The largest wildfires ever recorded in the state of Texas continue to threaten lives, homes and thousands of hectares of land in the northwest panhandle region of the state. So far, 11 people have died as a result of the fires. State and local officials are hoping a change in weather later in the week will help them control the blazes.

Hundreds of local firefighters and volunteers are battling three huge fires that are sweeping across the flat open plains.  State officials are supporting the local crews with helicopters and several large aircraft capable of transporting and dumping fire retardant chemicals.

The worst of the fire damage and most of the deaths came on Sunday, a dark day for those fleeing the flames as well as those fighting them.  Warren Bielenberg works for the Texas State Forestry Service command post in Granbury, Texas.

"The event on Sunday was just horrific. It was the largest fire event in Texas history," he said.

In a VOA phone interview, Bielenberg explained that prior to Sunday no Texas fire had ever scorched more than 130,400 hectares, but two of the three fires that started over the weekend in northwest Texas have already topped the previous record, burning a combined area of more than 320,000 hectares.

Dry conditions and strong winds have driven the wildfires. Winds are relatively low at this time, but weather forecasters expect higher winds on Wednesday.  Warren Bielenberg says crews are working at a frantic pace to prepare for what could be a repeat of Sunday's conflagrations.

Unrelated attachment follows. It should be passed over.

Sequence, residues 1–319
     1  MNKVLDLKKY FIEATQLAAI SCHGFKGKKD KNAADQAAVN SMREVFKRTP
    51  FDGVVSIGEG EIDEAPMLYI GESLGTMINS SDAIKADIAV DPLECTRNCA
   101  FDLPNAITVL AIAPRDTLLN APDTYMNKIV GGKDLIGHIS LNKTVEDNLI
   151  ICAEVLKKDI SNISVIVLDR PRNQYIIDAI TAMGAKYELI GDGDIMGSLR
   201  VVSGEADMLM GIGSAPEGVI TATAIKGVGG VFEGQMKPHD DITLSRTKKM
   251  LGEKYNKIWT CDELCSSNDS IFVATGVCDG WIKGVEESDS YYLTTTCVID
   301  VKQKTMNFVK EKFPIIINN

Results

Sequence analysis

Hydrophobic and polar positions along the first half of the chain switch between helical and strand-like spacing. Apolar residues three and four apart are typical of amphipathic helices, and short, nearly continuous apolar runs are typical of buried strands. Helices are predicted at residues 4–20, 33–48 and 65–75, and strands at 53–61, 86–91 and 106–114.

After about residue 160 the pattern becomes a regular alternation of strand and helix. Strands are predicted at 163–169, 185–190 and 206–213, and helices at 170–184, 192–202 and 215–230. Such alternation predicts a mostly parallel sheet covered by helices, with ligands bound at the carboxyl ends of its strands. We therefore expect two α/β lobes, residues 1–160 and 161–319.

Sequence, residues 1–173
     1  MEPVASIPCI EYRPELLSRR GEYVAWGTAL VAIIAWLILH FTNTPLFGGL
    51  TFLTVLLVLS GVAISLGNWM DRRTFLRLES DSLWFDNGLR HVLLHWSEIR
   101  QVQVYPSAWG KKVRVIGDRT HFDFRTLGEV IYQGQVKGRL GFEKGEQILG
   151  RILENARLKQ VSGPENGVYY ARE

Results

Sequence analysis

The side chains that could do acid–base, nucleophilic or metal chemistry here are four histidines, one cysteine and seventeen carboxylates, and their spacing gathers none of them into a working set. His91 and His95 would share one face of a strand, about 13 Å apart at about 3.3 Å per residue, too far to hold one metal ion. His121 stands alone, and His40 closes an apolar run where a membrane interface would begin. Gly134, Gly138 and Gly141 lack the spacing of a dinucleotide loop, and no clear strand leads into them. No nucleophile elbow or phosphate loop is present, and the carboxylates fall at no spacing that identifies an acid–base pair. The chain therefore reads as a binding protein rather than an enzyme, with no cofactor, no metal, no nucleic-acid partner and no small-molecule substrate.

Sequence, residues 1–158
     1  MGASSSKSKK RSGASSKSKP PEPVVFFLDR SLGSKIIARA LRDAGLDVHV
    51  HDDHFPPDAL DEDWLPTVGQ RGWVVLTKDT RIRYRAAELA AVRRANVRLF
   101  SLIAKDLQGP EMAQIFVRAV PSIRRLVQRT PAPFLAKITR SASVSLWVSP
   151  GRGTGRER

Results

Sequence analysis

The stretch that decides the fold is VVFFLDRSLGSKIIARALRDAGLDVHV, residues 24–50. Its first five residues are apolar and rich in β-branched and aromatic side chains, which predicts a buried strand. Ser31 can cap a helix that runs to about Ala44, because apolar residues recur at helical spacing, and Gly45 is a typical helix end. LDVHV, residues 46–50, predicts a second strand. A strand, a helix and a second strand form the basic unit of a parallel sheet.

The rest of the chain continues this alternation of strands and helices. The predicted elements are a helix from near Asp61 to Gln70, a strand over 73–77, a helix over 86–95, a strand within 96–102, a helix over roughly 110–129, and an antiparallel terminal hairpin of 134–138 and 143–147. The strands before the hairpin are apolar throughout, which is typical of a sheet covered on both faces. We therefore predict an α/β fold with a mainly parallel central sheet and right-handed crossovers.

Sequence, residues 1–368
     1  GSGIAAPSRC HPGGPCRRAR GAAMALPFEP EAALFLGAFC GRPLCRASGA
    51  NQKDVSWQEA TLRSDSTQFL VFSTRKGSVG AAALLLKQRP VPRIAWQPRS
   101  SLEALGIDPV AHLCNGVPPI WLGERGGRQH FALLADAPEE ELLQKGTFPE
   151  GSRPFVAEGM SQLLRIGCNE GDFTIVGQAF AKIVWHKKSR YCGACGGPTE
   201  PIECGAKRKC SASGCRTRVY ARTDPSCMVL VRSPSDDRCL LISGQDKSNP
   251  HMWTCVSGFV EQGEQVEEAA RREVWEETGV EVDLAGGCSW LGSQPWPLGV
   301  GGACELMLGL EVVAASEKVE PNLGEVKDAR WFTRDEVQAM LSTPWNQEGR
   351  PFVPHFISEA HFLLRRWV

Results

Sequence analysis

"We are trying to get as much containment on the fire as possible to keep it from expanding," he said.  "We are trying to just minimize the rate of spread or the extent of spread for our existing fires and hope that no new fires break out."

Although the large fires that swept over the panhandle area of Texas in the past few days are the largest, they are not the only fires burning in the state.  State officials have reported more than 160 fires and have issued a red flag warning for an area starting on the Gulf of Mexico coast near Corpus Christi and extending into the central plains and panhandle region. 

Fires are also threatening lives and property in the neighboring states of Oklahoma and New Mexico, where similar dry, windy conditions prevail.  More than 1,000 people have been evacuated from areas under threat and firefighters are hoping for some rain and, at the very least, less wind in the days ahead so that they can get the fires under control.